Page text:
Want to move to Florida?
I'm John Harris, Managing Director at Coral Gables Trust Company and welcome to our What You Need to Know blog!
On December 22, 2017, President Trump signed into law the first significant reform of the U.S. Tax Code since Ronald Reagan was in office. Here is Part 1 of how it will affect your finances. The new tax act will affect how you make decisions on estate planning, buying a home, or setting up a business. In this first blog, I will highlight major parts of the law to keep in mind, starting with individual income taxes.
Now that the new tax act is coming into effect, your personal tax rates and income brackets will be lowered, yet they will also expire (or sunset) at the end of 2025. What does this mean? Specifically, this means that the top rate will fall from 39.6% to 37%, the 35% bracket will stay the same, while the 33% bracket will fall to 32%, the 28% bracket to 24%, the 25% bracket to 22%, and the 15% bracket to 12%. The lowest bracket will remain at 10%. So, what does that do to your standard deduction? The standard deduction will essentially double, while the personal exemption will have been removed. The deduction/exemption trade off works well for most people but may not for those with many dependents. The law also temporarily raises the exemption amount and exemption phaseout threshold for the alternative minimum tax (AMT), which affects higher earners. These changes will also sunset at the end of 2025. The sunset provisions were necessary as a compromise to allow for the expeditious passage of the tax reform bill.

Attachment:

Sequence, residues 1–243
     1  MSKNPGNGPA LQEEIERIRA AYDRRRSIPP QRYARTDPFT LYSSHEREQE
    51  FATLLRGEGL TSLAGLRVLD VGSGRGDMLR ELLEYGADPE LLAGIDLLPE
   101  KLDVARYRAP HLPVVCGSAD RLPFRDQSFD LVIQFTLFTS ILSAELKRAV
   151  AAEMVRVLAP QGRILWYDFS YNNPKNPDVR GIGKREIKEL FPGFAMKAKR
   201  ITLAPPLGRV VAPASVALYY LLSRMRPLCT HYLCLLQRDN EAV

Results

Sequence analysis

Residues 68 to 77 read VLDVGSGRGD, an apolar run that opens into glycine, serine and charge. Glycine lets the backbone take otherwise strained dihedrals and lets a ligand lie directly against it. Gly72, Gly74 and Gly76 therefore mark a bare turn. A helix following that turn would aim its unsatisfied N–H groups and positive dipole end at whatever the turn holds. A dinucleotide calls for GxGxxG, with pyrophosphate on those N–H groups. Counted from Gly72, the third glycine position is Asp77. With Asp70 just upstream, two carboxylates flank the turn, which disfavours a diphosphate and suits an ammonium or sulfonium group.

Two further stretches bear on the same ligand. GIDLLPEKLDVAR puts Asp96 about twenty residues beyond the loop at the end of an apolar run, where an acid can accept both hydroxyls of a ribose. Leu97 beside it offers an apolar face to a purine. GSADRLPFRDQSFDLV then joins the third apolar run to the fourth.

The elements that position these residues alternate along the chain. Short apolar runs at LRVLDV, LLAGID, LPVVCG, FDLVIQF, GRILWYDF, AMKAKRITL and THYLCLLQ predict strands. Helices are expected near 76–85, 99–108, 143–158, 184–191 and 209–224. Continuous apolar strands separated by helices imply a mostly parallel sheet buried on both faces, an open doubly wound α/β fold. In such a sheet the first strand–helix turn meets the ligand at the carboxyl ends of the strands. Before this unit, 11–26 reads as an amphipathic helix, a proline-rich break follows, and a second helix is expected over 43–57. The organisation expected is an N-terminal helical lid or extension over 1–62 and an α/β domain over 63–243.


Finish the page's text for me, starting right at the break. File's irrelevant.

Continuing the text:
If we break it down even further, your deduction for state and local income taxes, property taxes and sales tax, or SALT, will remain in place if you itemized your taxes. Keep in mind, it is subject to a $10,000 cap. This will likely hurt taxpayers and homeowners in high tax states. But if you live in Florida, since Florida’s SALT is much more reasonable, Florida increasingly becomes a more compelling comparative domicile from a tax perspective. Want to move to Florida? In addition, the mortgage interest deduction for new home purchases has also been lowered from $1 million to $750,000 post Dec. 15, 2017.
Also keep in mind, beginning in 2018 the deduction for interest paid on a home equity line will no longer be eligible for the home mortgage interest deduction (with certain exception for the purchase of real estate and or direct improvement thereof). The new tax law does still preserve the deduction of mortgage debt used to acquire a second home.